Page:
For restoration-oriented processes, the differences between PGD and PTSD are more apparent. In PTSD, people typically fail to assimilate their experiences and have prevailing perceptions of their fundamental beliefs, like avoiding driving after experiencing a road-traffic accident, or holding unrealistic beliefs about the likelihood of physical altercations and severely restricting one's social life after a serious physical assault. The consequence of PTSD is a persisting inconsistency warning-signal, accompanied by strong negative emotions which result in the psychological system being constantly preoccupied with detecting dangerous inconsistencies.37 In contrast, in PGD the predominant feeling is not threat but loss-related distress. The persisting inconsistency concerns lack of affiliation. Znoj and Grawe38 have suggested that striving for consistency between prevailing experiences and expectations form the basis for patients' ongoing failure to adapt.

Preventive and treatment approaches

In this section, available psychotherapeutic and psychopharmacological interventions will be discussed.

Zisook and Shear15 summarize the pharmacological knowledge on PGD treatment. There are six published studies on bereavement-related depression demonstrating the efficacy and safety of a variety of antidepressant medications (escitalopram,39 desipramine,40 sertraline or nortriptyline,41 nortriptyline,42 nortriptyline,43 bupropion44). In each of these studies, grief intensity diminished along with amelioration of depressive symptoms, although improvement in grief was not as robust as relief of depression. No single antidepressant medication is currently designated the “best” treatment for bereavement-related depression.

Inquiring about patient preferences and past personal successes or failures with various antidepressant trials can help guide a rational choice in medication. If the depressive episode is relatively mild and not associated with suicidal risk or melancholic features, support and watchful waiting might be an appropriate initial choice. On the other hand, the more autonomous and severe the symptoms, the more antidepressant medications should enter the treatment equations. For severe or highly comorbid episodes, or where medication has been unsuccessful, combination treatment with multiple medications in addition to targeted psychotherapy may be needed.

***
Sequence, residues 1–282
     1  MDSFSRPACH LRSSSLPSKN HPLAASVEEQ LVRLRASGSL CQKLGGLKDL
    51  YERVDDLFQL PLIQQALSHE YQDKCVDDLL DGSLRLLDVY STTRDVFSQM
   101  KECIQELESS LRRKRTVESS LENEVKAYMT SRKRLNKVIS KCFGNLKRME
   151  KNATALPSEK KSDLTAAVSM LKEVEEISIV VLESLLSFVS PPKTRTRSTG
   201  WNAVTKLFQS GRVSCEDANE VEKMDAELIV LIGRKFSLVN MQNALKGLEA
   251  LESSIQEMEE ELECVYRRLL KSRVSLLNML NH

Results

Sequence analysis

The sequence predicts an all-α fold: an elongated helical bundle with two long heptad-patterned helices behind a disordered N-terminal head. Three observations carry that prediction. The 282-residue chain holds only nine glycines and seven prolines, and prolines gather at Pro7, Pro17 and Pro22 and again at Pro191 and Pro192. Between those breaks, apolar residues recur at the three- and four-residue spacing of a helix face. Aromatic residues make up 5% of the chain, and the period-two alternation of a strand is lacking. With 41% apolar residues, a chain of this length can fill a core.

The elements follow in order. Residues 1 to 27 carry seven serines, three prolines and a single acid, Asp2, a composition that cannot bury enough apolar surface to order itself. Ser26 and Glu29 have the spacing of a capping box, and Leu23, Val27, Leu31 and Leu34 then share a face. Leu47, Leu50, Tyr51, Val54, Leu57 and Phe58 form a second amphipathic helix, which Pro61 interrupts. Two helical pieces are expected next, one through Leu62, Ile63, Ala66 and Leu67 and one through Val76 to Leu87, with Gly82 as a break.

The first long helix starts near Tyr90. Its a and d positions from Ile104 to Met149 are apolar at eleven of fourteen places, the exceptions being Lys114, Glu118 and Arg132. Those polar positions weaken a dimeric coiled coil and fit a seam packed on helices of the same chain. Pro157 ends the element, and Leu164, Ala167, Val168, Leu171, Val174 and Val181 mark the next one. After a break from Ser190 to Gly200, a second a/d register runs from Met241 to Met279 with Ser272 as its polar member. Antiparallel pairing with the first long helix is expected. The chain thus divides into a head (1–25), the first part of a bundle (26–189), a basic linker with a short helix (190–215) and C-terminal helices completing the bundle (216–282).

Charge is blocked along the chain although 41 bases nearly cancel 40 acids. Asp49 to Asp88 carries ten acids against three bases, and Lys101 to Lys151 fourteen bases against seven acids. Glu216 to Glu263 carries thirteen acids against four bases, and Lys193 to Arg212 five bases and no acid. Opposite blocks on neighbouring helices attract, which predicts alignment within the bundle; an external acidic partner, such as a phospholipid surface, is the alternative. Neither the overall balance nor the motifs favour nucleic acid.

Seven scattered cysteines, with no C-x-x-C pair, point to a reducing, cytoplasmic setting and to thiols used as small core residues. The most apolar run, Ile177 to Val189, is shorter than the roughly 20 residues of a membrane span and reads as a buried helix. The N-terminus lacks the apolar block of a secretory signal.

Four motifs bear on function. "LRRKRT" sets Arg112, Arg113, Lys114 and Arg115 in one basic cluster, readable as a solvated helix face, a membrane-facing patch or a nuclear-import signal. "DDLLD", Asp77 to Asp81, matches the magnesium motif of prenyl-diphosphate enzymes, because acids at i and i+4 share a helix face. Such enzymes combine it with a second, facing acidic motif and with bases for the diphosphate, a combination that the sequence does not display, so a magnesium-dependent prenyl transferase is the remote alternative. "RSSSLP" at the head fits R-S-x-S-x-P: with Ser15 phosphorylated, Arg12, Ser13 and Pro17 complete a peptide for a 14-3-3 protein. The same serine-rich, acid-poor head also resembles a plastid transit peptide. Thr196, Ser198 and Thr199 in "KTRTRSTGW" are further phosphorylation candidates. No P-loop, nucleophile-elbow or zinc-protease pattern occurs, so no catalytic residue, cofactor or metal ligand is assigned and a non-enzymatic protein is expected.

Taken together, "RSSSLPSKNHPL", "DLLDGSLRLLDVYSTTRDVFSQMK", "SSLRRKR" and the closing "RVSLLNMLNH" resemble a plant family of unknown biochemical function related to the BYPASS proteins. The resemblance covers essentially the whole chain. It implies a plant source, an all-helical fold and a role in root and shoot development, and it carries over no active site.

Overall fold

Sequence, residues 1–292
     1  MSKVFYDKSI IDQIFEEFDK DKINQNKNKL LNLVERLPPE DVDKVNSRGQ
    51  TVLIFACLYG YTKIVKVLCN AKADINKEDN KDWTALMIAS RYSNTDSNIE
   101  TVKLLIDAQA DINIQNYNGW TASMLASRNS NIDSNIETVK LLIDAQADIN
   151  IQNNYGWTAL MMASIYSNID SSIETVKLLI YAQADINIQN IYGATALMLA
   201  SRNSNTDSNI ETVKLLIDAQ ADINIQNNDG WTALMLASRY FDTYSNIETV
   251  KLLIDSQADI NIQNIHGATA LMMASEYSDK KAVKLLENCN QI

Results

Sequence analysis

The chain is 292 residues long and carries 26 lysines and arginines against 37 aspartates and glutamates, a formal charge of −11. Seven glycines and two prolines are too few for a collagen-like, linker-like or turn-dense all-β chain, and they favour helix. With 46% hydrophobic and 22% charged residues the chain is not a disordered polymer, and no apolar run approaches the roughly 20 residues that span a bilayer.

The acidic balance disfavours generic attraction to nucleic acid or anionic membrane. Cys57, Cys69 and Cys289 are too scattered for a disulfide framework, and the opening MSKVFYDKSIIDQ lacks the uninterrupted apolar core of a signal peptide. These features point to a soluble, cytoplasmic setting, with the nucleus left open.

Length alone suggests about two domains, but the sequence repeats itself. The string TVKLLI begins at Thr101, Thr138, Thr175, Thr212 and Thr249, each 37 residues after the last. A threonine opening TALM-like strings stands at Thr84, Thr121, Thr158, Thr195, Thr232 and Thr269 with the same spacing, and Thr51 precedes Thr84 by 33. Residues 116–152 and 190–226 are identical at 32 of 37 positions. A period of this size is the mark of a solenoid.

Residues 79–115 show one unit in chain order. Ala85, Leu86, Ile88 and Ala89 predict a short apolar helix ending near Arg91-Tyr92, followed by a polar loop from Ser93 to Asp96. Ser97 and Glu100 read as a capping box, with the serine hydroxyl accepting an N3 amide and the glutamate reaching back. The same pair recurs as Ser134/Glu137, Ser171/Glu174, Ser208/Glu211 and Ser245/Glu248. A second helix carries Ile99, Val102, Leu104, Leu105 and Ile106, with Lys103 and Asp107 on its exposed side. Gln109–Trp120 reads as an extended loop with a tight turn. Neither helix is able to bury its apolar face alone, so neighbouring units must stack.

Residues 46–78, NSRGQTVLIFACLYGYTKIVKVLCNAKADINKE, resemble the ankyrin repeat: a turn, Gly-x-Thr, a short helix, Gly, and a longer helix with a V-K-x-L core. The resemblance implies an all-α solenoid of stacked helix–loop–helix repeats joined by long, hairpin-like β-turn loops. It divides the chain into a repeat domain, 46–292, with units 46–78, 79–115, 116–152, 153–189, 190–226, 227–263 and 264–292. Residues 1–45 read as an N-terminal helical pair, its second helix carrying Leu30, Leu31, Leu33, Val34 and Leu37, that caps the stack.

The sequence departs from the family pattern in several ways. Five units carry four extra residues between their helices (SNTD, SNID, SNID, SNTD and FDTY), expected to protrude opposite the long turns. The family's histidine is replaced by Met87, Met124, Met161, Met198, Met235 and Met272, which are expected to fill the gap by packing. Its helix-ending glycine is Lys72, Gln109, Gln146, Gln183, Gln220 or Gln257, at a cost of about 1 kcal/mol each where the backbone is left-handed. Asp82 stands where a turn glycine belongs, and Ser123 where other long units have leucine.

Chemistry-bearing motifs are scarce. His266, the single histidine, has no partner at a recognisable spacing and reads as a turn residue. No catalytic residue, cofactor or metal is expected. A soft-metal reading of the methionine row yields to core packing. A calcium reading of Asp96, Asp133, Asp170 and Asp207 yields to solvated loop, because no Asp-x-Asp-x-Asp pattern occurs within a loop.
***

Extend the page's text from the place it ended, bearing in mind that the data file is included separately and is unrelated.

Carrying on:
A recent meta-analysis sheds light on the empirical status both of available therapeutic and preventative treatment for CG.45 They found nine studies which examined preventive grief interventions. Three of these studies reported moderately positive results with regard to CG, of which two offered a cognitive-behavioral oriented preventive intervention. Five studies examined treatment grief interventions. Positive results with respect to CG were reported in four of these studies. All of these four treatment interventions employed cognitive-behavioral techniques.

The results from preventive grief intervention studies provide inconsistent support for their effectiveness. Treatment interventions, on the other hand, appear to be efficacious in the short-term and long-term alleviation of CG symptoms. Contrary to preventive interventions, the positive effect of treatment interventions increases significantly over time.